Knowledge dissemination in clinical trials

Exploring influences of institutional support and type of innovation on selective reporting

Research output: Contribution to journalArticle

2 Citations (Scopus)

Abstract

This paper contributes to the ongoing debate on the reliability of published research. In particular, this study focuses on the selective reporting of research findings in clinical trials, defined as the publication of only part of the findings originally recorded during a research study, on the basis of the results. Selective reporting can lead to concerns ranging from publishing flawed scientific knowledge, to skewing medical evidence, to wasting time and resources invested in the conduct of research. Drawing upon a unique hand-collected dataset, this study investigates the contextual factors associated with selective reporting. Using ‘risk of bias’ ratings assessed based on expert judgment and presented in systematic reviews of clinical literature, this study explores whether selective reporting is associated with: (1) the source of institutional support; and, (2) the type of innovation evaluated. The results indicate that the odds of selective reporting are higher for industry-funded studies than for publicly-funded studies; however, this effect is restricted to studies where at least one author is industry-affiliated. In addition, the results suggest that selective reporting is more likely in projects exploring radical innovation, compared to those investigating incremental innovation.

Original languageEnglish
Pages (from-to)1215-1228
Number of pages14
JournalResearch Policy
Volume47
Issue number7
Early online date17 Apr 2018
DOIs
Publication statusPublished - 30 Sep 2018

Fingerprint

Innovation
Industry
Resources
Knowledge dissemination
Scientific knowledge
Rating
Institutional support
Wasting
Clinical trials
Radical innovation
Systematic review
Expert judgment
Incremental innovation
Industry studies
Contextual factors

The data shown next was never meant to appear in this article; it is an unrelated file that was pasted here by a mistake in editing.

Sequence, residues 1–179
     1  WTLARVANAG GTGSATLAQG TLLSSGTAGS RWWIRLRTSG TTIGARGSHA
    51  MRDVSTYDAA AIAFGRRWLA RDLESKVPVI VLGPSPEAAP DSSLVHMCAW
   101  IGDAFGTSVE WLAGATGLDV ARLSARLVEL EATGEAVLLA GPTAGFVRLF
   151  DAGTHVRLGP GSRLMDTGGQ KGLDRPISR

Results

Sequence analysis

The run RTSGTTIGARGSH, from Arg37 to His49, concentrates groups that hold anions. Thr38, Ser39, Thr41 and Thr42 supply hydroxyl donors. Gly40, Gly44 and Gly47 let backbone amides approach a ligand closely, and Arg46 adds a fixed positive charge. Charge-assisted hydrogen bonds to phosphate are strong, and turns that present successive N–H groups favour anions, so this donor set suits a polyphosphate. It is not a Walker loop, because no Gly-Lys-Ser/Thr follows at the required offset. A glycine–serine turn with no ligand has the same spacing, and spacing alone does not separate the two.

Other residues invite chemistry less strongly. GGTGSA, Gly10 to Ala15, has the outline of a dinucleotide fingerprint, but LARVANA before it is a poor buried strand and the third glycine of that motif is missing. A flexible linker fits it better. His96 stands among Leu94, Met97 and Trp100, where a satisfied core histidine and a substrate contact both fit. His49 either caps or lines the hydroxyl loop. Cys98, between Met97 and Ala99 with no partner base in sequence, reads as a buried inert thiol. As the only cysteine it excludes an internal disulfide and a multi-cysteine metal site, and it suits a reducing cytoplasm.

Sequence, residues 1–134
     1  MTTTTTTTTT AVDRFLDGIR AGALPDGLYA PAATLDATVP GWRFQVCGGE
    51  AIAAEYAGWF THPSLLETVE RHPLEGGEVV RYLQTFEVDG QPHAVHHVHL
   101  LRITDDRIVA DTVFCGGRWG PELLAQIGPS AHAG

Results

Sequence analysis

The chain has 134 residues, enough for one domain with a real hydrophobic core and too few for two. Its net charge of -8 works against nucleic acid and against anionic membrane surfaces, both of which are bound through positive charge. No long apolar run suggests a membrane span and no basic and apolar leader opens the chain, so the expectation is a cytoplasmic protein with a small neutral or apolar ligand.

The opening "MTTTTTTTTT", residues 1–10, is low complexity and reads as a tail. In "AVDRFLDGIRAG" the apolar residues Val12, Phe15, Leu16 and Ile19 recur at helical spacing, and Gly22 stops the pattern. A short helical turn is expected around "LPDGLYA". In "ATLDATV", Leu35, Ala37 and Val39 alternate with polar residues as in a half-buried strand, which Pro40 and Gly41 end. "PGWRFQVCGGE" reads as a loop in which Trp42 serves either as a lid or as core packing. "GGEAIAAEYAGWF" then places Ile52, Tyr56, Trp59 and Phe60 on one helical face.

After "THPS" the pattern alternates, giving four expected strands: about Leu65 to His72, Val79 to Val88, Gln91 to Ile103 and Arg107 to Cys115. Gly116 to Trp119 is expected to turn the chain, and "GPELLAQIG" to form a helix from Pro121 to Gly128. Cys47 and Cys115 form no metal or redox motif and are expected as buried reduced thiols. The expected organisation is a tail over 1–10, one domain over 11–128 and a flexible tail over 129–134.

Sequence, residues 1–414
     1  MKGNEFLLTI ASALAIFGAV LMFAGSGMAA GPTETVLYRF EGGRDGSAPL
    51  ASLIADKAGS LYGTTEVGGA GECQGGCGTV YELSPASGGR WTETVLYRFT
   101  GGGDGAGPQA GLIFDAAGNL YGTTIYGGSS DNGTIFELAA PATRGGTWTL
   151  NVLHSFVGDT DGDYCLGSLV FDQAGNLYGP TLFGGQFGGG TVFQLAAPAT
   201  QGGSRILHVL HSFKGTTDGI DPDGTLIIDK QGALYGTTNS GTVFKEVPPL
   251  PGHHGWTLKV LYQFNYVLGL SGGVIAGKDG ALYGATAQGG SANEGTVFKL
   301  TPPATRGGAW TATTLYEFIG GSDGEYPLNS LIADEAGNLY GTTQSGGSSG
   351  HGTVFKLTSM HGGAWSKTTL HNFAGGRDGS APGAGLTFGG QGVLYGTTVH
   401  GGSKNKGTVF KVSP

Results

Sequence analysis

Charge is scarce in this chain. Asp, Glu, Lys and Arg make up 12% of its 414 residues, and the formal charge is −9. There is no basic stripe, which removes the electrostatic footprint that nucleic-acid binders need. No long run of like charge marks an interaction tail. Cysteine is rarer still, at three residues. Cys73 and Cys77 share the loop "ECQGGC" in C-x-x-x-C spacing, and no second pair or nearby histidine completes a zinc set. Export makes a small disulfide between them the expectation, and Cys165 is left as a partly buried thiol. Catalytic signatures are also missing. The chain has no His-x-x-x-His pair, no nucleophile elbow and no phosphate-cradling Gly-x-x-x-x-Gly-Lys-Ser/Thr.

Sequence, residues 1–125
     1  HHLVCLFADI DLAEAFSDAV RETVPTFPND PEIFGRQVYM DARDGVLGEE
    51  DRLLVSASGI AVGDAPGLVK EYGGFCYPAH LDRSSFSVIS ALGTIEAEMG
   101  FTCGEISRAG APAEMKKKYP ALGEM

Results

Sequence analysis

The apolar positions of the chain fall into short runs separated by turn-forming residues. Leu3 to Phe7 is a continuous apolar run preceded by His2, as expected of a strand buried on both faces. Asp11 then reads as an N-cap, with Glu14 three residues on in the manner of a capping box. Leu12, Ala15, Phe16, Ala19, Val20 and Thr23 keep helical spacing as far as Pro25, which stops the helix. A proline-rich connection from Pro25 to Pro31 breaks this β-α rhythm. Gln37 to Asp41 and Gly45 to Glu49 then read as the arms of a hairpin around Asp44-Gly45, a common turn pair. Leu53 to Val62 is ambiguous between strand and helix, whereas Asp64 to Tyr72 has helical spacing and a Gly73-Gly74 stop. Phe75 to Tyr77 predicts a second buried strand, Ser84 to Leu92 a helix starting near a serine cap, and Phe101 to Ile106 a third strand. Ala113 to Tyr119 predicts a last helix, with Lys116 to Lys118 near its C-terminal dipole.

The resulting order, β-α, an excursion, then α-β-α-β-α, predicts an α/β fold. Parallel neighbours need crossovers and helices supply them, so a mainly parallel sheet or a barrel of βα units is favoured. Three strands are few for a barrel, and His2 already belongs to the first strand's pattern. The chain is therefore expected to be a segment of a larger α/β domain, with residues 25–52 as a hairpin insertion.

Keywords

  • Reliability of research
  • Reproducibility crisis
  • Science policy
  • Scientific misconduct

ASJC Scopus subject areas

  • Strategy and Management
  • Management Science and Operations Research
  • Management of Technology and Innovation

Cite this

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abstract = "This paper contributes to the ongoing debate on the reliability of published research. In particular, this study focuses on the selective reporting of research findings in clinical trials, defined as the publication of only part of the findings originally recorded during a research study, on the basis of the results. Selective reporting can lead to concerns ranging from publishing flawed scientific knowledge, to skewing medical evidence, to wasting time and resources invested in the conduct of research. Drawing upon a unique hand-collected dataset, this study investigates the contextual factors associated with selective reporting. Using ‘risk of bias’ ratings assessed based on expert judgment and presented in systematic reviews of clinical literature, this study explores whether selective reporting is associated with: (1) the source of institutional support; and, (2) the type of innovation evaluated. The results indicate that the odds of selective reporting are higher for industry-funded studies than for publicly-funded studies; however, this effect is restricted to studies where at least one author is industry-affiliated. In addition, the results suggest that selective reporting is more likely in projects exploring radical innovation, compared to those investigating incremental innovation.",
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